"You see George and his 'star chamber' are far too thick to work this out".

    Come on! If you are going to make such bold assertions on HYS then at least take the trouble to build a coherent argument.

  • Comment number 25.

    16. At 3:33pm on 13 Oct 2010, Steve
    Good post Steve. It points out the real effects of stupid, idealistic, ignorant decisions by politicians and the moronic economists who advise them.

  • Comment number 26.

    23 splendidhashbrowns
    "If Civil service redundancy payments were 6 years salary, how do we save money by sacking that individual? Surely, we have to find this money now instead of spreading it over 6 years. Isn't finding the money now the problem (borrowing)?"

    I agree, this seems to be direct evidence that the intention is primarily to shrink the state. If this is true, they must also believe that public sector employment is "crowding out" private sector employment. Though this can happen when the economy is at full capacity, it cannot be the case when unemployment is so high.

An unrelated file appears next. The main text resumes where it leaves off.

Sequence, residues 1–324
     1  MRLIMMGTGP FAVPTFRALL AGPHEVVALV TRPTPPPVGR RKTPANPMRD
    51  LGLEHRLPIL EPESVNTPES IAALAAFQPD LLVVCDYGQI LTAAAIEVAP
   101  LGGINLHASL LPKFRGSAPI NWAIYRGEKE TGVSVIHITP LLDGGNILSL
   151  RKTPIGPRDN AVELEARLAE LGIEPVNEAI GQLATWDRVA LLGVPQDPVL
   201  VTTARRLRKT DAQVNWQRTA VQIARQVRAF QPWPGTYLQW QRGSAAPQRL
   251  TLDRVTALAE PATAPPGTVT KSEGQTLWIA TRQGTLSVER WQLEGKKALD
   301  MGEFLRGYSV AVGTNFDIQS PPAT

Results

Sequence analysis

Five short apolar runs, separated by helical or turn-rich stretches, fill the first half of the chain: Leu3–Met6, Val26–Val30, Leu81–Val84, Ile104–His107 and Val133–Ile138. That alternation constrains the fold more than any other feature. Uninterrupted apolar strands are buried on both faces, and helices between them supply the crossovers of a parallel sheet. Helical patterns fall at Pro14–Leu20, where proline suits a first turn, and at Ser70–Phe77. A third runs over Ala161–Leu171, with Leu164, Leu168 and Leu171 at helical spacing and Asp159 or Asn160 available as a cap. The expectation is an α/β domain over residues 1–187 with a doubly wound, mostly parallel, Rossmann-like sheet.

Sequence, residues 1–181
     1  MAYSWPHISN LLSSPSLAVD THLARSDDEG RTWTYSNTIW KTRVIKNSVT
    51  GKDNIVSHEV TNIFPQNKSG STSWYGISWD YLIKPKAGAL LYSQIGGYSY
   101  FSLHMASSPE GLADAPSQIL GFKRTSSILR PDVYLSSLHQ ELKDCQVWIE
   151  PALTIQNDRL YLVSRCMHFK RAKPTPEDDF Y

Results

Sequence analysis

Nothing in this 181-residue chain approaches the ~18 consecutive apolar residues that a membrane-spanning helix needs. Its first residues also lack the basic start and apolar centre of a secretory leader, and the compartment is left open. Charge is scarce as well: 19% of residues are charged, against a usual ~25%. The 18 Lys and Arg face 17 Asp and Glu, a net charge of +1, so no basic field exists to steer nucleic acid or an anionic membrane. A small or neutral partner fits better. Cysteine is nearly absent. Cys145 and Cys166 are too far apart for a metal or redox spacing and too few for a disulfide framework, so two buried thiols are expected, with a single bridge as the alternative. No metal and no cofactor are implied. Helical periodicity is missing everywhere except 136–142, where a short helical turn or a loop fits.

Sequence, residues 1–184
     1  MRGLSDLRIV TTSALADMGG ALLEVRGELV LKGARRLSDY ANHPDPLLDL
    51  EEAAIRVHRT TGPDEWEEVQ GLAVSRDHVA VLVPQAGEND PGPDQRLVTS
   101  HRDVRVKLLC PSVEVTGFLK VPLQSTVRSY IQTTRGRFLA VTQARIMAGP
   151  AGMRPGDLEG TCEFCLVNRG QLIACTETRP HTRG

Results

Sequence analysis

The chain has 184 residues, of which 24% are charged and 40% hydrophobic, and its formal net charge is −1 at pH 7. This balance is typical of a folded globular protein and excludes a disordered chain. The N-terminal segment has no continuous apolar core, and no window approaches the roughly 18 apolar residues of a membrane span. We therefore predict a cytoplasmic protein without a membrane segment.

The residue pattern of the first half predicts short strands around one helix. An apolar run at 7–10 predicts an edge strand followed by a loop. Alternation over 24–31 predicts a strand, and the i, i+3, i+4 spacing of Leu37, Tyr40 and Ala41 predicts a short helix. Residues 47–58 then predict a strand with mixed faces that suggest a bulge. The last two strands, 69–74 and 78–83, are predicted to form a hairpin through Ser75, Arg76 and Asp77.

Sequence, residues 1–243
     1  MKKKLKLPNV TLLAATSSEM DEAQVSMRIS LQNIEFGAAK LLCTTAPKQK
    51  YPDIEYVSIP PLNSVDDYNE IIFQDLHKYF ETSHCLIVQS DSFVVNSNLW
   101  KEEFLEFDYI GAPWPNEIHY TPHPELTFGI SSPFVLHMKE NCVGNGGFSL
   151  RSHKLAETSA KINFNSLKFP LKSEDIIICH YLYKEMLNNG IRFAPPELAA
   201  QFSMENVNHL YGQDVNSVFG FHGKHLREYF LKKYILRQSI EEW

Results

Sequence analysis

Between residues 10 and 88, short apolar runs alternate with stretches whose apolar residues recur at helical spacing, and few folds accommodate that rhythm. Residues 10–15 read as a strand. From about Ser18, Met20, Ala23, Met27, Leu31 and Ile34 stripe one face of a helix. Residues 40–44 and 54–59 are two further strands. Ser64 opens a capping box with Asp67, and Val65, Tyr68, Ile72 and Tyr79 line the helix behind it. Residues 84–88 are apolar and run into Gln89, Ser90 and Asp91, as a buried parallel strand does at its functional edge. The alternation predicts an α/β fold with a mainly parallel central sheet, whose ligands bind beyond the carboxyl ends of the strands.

As to whether freezing public sector pay would be a better alternative -I believe that the only legitimate reason for doing so would be to keep public sector pay on a par with private sector pay (though I'm not sure about this). The trouble with this is it will still suck spending power out of the economy. In short, I think that trying to shrink the state during a recession is a very bad idea - we need to recover first, then think about the size of the state later. The Torys conflated the two issues, but they are completely seperate in my view

    Kind Regards
    Charlie

  • Comment number 27.